beginning to ramp up. New basins, such as the Marcellus shale in Appalachia, are also
under development and could show similar production growth to other gas shale basins in
the coming years.

             Natural Gas Should Remain Less
                 Expensive than Fuel Oil

                                                                   SPOT   FORWARD
                                      $40     TRANSCO ZN 6 NY
                                      $35     NY No2 Heating Oil

          Source: Derived                   2008                               2009
          from ICE &                  $0
                                        J F M A M J J A S O N D J F M

While both oil and gas prices have fallen from their mid-year highs, natural gas prices
remain well below heating oil prices on a per MMBtu basis.

This slide illustrates that on a British thermal unit equivalent basis, recent spot and current
futures prices for gas are well below oil prices. Forward market prices now show that
delivered gas at Transco Zone 6 NY averages about $10.50/MMBtu, representing about a
$10/MMBtu discount to heating oil. This disparity in prices is affecting homeowner heating
fuel decisions. Wachovia Research reports that NStar, which serves natural gas customers
in Massachusetts, noted that inquiries about converting to natural gas from oil were five
times higher during the first five months of 2008 than over the same period in 2007. At
NiSource subsidiary Bay State Gas (also serving Massachusetts) conversion requests were
up 97% for the same time periods. On Long Island, National Grid indicates that 12,000
homeowners had contacted it about switching to gas during the first seven months of 2008,
more than double a year earlier.

                Winter Power Prices May Be
                   Lower than Last Year

                                                                                         Massachusetts Hub
                                                                                         $90.61/MWh +2.75%
                 Northwest (Mid C)
                                   Midwest ISO (Cinergy)
                $63.88/MWh -12.48%
                                    $60.25/MWh -9.83%                                           New York City
                                                                                             $114.85/MWh +6.08%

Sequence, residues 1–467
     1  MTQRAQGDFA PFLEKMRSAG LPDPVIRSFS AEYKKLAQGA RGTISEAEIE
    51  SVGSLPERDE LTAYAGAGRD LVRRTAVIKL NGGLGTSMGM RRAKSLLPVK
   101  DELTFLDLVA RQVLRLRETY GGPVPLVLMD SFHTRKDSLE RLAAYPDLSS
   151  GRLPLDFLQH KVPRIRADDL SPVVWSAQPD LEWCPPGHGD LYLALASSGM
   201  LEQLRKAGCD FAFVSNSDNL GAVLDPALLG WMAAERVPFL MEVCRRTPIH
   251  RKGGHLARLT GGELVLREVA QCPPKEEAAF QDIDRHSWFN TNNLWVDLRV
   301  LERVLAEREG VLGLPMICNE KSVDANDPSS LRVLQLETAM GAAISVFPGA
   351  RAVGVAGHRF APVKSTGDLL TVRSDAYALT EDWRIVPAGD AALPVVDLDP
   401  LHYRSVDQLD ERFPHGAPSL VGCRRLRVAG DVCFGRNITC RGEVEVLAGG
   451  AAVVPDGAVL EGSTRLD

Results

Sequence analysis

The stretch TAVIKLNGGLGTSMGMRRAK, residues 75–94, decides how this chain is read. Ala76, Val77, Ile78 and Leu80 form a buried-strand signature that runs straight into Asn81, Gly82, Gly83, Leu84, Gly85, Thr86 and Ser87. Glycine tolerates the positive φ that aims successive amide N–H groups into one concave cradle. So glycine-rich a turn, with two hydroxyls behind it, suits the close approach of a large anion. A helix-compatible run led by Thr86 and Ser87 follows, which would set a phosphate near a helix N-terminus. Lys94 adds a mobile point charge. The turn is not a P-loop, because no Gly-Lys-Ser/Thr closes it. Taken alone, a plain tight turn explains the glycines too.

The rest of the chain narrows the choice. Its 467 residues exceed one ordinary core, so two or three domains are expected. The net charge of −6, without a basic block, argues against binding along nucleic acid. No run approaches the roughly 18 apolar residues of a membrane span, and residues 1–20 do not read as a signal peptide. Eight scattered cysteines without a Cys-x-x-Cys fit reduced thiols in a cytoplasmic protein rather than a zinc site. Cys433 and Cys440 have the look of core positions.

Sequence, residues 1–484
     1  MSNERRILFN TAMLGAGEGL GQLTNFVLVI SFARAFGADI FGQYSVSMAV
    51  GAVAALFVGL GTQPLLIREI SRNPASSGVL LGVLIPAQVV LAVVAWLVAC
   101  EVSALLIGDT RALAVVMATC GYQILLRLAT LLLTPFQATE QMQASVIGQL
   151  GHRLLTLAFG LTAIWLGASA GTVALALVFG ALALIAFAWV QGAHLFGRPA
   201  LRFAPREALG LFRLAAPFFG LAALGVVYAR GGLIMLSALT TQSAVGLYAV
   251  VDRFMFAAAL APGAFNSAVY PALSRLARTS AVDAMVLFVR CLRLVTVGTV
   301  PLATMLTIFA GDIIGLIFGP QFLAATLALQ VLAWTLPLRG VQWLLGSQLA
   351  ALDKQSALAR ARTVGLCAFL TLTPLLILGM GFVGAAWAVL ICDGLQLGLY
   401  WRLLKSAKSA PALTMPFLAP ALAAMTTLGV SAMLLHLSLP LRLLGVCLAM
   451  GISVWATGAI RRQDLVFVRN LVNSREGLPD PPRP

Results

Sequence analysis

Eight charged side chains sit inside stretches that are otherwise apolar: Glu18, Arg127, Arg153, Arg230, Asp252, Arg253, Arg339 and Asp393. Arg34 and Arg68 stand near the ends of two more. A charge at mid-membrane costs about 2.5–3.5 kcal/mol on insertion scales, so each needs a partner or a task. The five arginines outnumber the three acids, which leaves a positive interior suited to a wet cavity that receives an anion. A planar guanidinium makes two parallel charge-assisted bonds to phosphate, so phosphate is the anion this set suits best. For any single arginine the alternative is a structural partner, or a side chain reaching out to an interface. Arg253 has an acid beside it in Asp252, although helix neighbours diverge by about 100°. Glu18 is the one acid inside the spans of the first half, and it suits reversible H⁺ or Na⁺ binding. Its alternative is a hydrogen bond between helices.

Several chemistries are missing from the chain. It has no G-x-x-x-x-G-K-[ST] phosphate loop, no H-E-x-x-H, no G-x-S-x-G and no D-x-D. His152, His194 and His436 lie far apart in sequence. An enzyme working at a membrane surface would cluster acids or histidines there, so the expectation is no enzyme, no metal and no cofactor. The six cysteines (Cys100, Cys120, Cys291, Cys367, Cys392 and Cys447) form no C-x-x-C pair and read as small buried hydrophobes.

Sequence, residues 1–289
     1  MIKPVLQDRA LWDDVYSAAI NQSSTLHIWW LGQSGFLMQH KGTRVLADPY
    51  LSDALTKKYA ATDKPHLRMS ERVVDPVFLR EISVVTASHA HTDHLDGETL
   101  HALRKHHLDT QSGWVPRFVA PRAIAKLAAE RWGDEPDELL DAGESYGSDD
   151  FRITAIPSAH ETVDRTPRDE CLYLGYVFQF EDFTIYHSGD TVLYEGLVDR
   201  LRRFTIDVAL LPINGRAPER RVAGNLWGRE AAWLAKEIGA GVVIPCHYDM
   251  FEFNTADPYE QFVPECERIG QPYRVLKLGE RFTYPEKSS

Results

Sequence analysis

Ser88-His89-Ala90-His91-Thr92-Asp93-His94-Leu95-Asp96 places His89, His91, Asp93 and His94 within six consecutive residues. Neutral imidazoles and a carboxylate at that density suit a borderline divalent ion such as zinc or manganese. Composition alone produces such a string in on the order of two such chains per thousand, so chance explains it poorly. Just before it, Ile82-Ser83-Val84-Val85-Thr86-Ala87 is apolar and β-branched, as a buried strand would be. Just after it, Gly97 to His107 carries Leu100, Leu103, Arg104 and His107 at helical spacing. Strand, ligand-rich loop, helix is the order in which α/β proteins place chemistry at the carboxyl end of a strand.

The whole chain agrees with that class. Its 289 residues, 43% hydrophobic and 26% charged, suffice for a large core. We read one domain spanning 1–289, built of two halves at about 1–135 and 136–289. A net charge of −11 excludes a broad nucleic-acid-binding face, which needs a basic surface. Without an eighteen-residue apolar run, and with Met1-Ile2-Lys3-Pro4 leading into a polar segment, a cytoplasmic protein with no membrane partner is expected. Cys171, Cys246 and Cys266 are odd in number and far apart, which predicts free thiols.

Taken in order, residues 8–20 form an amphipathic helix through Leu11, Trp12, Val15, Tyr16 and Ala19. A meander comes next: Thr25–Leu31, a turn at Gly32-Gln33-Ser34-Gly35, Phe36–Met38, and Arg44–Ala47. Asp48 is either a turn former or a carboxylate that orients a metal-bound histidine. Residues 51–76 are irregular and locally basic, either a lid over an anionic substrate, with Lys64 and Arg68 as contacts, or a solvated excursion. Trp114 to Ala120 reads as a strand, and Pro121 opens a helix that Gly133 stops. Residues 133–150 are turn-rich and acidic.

Southern California (SP-15)                                                      PJM Western Hub
            $67.00/MWh -13.37%                                                              $72.06/MWh -
                               Palo Verde                                            Henry Hub (Gas)
                           $61.33/MWh -9.03%                                       $7.42/MMBtu -9.88%

            Sources: On-peak spot data is from Platts Megawatt Daily. Winter is defined here as January and February.
            Forward on-peak electric and natural gas data is from ICE as of 10/7/08. The NY City Forward on-peak electric
            price is from Nymex Clearport.

Finally, I will address the outlook for winter electric prices.

Other than in the Northeast, forward electric prices for the coming winter are between 8%
and 13% lower compared to winter forward prices at this time last year. Forward electric
prices in the Northeast are up to 6% higher than prices last year. The fall in forward electric
prices over most of the country more or less matches expectations for lower natural gas
prices at the Henry Hub. However, the increase in electric forwards in the Northeast
matched the increase in Northeast forward gas prices discussed earlier.

High basis last year in the Northeast would appear to be influencing expectations for
Northeast basis this coming winter. Last winter, basis at Transco Zone 6 averaged $2.76
from November 07 to March 08, 83 cents higher than the previous year, and the highest
average winter basis we have ever seen. Northeast gas prices were more volatile last winter
than any other winter. We saw 28 instances of basis greater than $5, double the number of
instances from the 06/07 winter. Finally, forward prices for New York are also likely
influenced by the fact that fuel oil will be on the margin for part of the time this winter.

This completes my presentation. We are happy to answer any questions you may have.

    Winter 2008/2009
Energy Market Assessment
        Item No. A-3
      October 16, 2008